New brain research suggests why some teenagers develop nicotine addictions

University experts have highlighted levels of grey matter in the brain could be linked to a desire to start smoking from a young age.

Research, which was published this afternoon by a team of scientists from Warwick and Cambridge University in the UK and Fudan University in China in the journal Nature Communications, discovered levels of grey matter in two parts of the brain could lead to young people developing a smoking or nicotine addiction.

white cigarette stick on white wall

Experts analysed brain imaging and behavioural data of over 800 young people at the ages of 14, 19 and 23. They found that, on average, teenagers who started smoking by 14-years-old had less grey matter, brain tissue that processes information, and contains all of the organs neurons, in a section of the left frontal lobe linked to decision-making and rule-breaking.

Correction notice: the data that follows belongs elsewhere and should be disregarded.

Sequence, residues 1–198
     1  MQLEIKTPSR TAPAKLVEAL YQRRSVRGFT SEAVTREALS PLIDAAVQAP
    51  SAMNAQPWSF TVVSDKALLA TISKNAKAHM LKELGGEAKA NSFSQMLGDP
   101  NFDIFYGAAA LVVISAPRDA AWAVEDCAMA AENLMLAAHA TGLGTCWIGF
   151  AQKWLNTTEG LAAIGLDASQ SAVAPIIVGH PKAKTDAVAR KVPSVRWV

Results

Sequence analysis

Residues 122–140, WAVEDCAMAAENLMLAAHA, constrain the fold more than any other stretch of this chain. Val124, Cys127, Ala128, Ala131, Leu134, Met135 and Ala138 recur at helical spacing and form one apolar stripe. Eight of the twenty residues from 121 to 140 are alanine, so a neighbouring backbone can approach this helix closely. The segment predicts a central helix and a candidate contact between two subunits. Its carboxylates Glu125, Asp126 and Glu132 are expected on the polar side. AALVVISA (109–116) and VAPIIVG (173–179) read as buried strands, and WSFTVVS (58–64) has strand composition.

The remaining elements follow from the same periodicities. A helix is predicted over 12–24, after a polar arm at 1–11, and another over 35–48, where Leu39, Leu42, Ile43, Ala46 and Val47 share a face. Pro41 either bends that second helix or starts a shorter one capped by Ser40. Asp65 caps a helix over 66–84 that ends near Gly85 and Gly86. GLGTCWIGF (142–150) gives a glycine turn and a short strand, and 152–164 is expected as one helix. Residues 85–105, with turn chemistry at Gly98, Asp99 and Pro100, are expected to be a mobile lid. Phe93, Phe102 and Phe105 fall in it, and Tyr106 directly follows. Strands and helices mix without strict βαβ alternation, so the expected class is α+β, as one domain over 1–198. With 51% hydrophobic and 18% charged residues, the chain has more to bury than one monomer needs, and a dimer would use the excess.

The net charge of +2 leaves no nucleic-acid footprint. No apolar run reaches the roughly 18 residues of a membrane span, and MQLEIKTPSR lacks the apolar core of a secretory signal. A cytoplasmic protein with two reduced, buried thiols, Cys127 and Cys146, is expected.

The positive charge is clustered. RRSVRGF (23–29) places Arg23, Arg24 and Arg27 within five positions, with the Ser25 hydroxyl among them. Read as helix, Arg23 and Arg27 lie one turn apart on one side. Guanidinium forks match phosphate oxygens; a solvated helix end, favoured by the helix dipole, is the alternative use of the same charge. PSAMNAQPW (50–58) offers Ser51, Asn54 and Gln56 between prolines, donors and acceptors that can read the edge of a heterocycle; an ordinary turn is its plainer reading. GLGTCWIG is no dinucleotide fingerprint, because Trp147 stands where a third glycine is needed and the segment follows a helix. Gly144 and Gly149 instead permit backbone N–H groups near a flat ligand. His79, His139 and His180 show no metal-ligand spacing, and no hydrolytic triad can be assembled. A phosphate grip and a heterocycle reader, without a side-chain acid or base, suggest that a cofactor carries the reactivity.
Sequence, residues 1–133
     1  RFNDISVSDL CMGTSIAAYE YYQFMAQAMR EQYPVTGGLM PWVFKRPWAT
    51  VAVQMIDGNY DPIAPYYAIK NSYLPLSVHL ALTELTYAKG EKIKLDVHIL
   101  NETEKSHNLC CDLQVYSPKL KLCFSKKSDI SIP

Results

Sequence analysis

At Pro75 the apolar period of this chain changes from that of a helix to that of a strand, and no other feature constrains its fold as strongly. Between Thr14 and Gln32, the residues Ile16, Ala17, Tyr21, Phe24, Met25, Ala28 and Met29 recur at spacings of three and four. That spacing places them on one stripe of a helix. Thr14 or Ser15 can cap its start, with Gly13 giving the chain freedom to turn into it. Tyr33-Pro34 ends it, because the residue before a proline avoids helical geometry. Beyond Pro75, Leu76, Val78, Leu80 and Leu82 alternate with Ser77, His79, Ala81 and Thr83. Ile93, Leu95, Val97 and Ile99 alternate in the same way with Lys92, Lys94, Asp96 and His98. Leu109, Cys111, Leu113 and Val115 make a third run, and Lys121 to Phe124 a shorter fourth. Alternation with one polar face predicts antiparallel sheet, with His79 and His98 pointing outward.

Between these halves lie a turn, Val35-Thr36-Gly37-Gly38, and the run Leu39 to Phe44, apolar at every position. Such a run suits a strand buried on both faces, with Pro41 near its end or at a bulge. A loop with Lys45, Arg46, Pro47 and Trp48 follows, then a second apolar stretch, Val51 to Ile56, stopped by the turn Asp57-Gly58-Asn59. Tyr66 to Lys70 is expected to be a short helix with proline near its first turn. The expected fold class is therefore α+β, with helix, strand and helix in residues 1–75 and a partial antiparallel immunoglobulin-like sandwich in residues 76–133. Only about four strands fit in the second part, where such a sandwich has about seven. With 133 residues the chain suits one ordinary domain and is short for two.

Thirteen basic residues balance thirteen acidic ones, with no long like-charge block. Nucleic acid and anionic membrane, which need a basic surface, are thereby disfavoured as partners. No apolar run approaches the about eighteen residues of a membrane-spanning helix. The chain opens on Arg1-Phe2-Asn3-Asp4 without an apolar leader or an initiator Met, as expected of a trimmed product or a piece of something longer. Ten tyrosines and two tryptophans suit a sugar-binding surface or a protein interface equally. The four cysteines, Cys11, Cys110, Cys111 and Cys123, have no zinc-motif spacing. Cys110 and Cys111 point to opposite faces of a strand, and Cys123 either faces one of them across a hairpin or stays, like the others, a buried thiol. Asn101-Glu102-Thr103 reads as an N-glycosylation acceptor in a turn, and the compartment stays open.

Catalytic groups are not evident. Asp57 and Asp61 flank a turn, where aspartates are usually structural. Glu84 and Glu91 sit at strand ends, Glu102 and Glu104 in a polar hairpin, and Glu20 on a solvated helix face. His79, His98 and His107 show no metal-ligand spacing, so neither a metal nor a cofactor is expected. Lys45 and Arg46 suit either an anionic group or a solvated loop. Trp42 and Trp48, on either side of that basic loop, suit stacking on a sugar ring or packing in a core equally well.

In addition, those who began smoking at 19 also had less grey matter in the left side of their brain at 14, indicating a potential causal influence.

Data in 23-year-olds displayed grey matter volume in the right prefrontal cortex shrank at a faster pace in those who continued to smoke, suggesting an influence of smoking itself on prefrontal function.

Lead author of the study, Professor Tianye Jia from Fudan University, said: ‘Less grey matter in the left frontal lobes is linked to behaviours that increase the likelihood of smoking in adolescence.

‘Smokers then experience excessive loss of grey matter in the right frontal lobes, which is linked to behaviours that reinforce substance use. This may provide a causal account of how smoking is initiated in young people, and how it turns into dependence.’

Another important factor that was uncovered, was scientists found the loss of grey matter in the right side of the brain speeds up only after someone has started smoking – this region is linked to the seeking of sensations.

‘Smoking is perhaps the most common addictive behaviour in the world, and a leading cause of adult mortality,’ said Professor Trevor Robbins, co-senior author of the study. ‘The initiation of a smoking habit is most likely to occur during adolescence. Any way of detecting an increased chance of this, so we can target interventions, could help save millions of lives.’

Image: Andres Siimon

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Number of children vaping spikes 50% in a year


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